Hamlet and Brian De Palma's Scarface end with massacres that destroy the wicked and the weak. No one (I think) would accuse Scarface of having any other moral besides "Crime doesn't pay" (and even that's a stretch). Setting aside the many differences between the two works, do you think Shakespeare had some artistic vision to express with the massacre at the climax of Act V? Do you think Act V is a graphic, spectacular climax in a style similar to Scarface and other violent American crime dramas? Or is it a little of both?
This is a stretch, but I'll offer this view for sake of discussion...
Both stories might be offering a commentary on the "natural outcome" of certain associations character make. Those who die in Hamlet do so because of the sides they take. The character of Hamlet is probably the only exception. Everyone else aligns themselves with the "criminal element". This is also true of Scarface.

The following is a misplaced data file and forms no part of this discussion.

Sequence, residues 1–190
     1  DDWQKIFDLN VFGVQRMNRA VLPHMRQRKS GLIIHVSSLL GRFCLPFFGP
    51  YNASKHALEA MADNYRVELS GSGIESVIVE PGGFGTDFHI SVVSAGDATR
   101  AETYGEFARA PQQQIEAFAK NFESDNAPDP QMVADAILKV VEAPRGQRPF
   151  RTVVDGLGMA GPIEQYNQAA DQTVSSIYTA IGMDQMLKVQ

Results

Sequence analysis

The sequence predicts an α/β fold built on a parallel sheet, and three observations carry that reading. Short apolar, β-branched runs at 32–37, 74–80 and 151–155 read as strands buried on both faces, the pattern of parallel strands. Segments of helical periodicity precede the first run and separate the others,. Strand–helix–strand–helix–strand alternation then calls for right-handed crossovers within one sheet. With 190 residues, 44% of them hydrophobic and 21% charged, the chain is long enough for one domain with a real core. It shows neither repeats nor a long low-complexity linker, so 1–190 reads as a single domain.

The ultimate comment being made, in the play and in many American crime dramas, may be one that suggests that "once you start down the path to the dark side, forever will it dominate your destiny." Once you are in, you can't get out.
I do think that Hamlet is a tragedy, and the massacre is partly what makes it so. Sometimes the innocent people, or the weak, do end up suffering along with the wicked. The violence is not gratuitous, it is tragic.